It’s been a slow month due to all these website issues, so I can hopefully put this all behind me and get back to paying down debt and putting money toward new product and tooling. I have a long list of product ideas, and am looking at a few basic 3D printers as well. At least I can get back to finishing up older projects too and continuing the cleaning and streamlining of the shop. Did I mention I’ve been working on the wave solder machine again?

I’m also adding a number of smaller items to the shopping cart software as well. I do have a large number of molex connectors and pins on-hand for my existing product line, as well as other little parts that tend to sit around in large numbers. The new system is easy enough to use that I have no reason not to add these into my product listings. Pricing will not be the cheapest on the market, but still will be in a fair range. I’m not really looking to get into the small parts market on any significant scale.

Shopping cart in progress

Learning new software is rarely fun, particularly when in a hurry, but I am making rapid strides on the shopping cart. As I mentioned, it will be a very different look and feel than the current system, and will be almost a complete redesign of the website. So I hope you aren’t offended that I am trying not to rush too much on this. There’s a few stages to this that I need to handle, so here’s where I will put the updates as I go. I’ve decided to handle these in a certain sequence so that it prevents any accidental orders by customers before the site is ready, but once products start hitting the storefront, it will be fine to start placing orders even if not all products are uploaded just yet.

Shipping rates and methods will remain the same. Payment will still be handled via paypal as before. I will be adding a large number of small items to the site, since I won’t have that annoying 15 product limit from the old website. So I will actually be making available the bare boards for most, if not all, products I sell. Same with lots of connector housings and pins, things like that.

1: Choose and Install Software – Complete – Not much to report

2: Configure the basic theme – 80% – Basic image structure is looking ok, had a new issue pop up, but not a concern to stop me from going live.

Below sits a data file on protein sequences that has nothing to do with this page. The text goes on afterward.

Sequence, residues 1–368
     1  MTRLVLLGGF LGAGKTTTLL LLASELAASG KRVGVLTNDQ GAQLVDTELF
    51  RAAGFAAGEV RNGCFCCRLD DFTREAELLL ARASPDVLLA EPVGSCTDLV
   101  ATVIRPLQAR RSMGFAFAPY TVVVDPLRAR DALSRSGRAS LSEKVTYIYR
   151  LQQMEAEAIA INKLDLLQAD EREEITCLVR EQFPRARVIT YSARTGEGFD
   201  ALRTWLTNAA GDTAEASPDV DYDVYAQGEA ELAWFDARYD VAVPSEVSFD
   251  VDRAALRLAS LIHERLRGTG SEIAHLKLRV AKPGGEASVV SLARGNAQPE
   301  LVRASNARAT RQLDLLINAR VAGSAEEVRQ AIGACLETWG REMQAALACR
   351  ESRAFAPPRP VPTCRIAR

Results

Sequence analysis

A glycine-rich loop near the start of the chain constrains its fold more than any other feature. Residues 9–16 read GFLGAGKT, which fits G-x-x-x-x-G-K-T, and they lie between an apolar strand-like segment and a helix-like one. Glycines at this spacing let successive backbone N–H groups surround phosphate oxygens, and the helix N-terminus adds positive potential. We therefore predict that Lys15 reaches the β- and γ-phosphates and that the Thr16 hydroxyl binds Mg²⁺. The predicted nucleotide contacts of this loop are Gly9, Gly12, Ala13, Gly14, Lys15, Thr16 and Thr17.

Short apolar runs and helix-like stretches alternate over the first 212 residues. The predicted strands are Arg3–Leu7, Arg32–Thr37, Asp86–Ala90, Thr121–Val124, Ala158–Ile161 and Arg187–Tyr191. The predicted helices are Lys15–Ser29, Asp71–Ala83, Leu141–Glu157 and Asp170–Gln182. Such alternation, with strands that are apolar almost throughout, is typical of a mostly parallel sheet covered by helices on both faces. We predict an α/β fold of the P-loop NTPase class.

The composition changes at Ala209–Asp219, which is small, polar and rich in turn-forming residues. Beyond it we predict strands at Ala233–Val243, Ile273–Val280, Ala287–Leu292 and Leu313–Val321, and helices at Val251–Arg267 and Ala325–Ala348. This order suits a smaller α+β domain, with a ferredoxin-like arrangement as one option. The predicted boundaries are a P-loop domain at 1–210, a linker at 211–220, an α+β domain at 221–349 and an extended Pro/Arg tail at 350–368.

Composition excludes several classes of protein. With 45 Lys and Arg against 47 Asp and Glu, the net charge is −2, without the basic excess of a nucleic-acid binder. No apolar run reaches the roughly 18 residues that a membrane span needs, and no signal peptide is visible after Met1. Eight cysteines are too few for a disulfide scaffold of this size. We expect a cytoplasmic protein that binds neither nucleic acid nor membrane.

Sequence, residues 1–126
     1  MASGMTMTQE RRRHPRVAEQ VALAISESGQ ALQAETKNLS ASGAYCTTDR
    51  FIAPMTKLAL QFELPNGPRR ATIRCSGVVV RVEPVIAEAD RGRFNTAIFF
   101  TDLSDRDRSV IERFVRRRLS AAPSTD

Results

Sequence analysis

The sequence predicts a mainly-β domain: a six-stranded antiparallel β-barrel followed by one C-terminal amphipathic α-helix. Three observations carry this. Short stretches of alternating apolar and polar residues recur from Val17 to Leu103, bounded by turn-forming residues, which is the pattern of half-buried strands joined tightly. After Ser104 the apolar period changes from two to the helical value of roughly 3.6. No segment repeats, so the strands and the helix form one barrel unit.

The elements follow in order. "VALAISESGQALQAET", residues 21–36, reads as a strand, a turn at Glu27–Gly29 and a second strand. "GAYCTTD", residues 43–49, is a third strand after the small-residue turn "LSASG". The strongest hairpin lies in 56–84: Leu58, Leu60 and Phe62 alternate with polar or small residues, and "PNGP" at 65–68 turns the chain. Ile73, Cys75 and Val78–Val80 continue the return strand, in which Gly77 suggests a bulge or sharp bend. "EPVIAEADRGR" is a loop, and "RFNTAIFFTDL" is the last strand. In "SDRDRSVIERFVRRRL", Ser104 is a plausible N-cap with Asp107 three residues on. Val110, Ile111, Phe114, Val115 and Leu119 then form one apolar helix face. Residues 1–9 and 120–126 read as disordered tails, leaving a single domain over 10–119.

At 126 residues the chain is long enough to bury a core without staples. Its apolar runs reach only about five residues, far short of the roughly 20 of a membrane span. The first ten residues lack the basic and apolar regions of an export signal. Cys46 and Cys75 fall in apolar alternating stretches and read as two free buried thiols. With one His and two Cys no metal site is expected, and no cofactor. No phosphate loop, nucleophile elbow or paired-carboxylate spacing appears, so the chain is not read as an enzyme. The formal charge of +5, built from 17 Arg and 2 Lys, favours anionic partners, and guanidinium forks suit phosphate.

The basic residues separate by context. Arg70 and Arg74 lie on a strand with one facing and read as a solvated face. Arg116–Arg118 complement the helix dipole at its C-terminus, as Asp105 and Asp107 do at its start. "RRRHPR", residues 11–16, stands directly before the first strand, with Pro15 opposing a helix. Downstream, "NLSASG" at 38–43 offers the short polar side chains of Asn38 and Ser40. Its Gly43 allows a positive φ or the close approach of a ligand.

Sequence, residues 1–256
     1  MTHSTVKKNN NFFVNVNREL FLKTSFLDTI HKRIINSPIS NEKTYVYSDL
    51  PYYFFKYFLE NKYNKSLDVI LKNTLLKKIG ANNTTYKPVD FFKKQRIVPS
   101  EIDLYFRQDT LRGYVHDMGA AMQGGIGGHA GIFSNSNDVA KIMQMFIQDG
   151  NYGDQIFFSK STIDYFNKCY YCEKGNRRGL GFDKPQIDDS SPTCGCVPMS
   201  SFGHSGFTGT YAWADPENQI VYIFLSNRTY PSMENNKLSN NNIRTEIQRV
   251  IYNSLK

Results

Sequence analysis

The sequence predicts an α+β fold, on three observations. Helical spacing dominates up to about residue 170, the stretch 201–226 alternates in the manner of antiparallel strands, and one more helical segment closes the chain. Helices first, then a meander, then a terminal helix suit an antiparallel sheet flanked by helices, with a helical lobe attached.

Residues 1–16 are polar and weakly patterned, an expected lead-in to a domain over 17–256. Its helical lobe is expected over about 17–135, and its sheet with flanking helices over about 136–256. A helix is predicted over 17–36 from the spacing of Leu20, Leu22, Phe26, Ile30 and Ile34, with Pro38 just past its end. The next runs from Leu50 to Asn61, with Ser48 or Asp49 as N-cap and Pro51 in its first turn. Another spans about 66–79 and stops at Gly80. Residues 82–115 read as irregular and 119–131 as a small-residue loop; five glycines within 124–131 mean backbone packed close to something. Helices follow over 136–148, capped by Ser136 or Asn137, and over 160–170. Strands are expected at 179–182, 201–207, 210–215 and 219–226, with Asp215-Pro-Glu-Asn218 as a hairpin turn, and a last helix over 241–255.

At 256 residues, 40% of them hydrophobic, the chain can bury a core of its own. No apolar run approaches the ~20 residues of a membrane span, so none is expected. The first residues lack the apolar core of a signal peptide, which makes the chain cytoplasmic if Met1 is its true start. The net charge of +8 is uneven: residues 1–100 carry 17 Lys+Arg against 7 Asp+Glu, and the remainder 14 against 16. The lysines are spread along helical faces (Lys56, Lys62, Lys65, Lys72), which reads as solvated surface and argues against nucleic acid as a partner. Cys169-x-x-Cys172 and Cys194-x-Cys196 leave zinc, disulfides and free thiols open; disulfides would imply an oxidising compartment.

3: Configure the payment processing and shipping – 90% – Have the shipping issues worked out, now just to deal with charging sales tax when appropriate. I have so few SD and WI sales, that I may just go live before fixing this completely.

4: Import photos and configure products – 100% – Starting to add products, picking up speed. Fixed a big issue with prices not showing correctly.

5: Link technical instructions from old pages to the new cart info pages – 0%

First post of the new era blog


Welcome to the new “Siege Blog”, home of news updates and random ramblings from Siegecraft Electronics.

Yes, I used to have a blog.  It was a long running blog, nearing 500 posts since 2009 and covered many, many topics.  Then I got frustrated with my website in many ways, and decided to transfer it to a new host. I have decided to start a new blog, do a new shopping cart, and a massive streamlining of the website as a whole. It had become too broad in nature. Many areas were neglected and forgotten, some of them completely broken. Much of it distracted myself and my readers from the core content that had formed around my business. So now I am declaring that the newly created blog is active, the website is active, and I can get along with doing the remainder of the hard work to get it running again.

Now that the blog is running, and I can start getting to work on the shopping cart, so that I can properly start selling to my wonderful customers again. I thank you greatly for being so patient during this unexpected upheaval. I hadn’t planned for any of this, but it was necessary in the long run to just get on with it and fix all the broken stuff. When the cart goes live again it will be a completely different format than before. I am for a more professional feel to the website, and more readable formats. I hope you like the changes as they occur.

I do apologize for removing all the great technical info that the old blog contained. This is only temporary, to be honest, as I did back it all up on my PC before deleting it from the website. So the technical pages will be eventually re-introduced in one form or another. It’s going to be a lot of work on this end, but I aim for a much more user friendly end result.

Expect a bunch more website status updates for a while, before I get back to doing the fun stuff that brought me all you great readers. But it is coming, I have a lot of great things to share soon.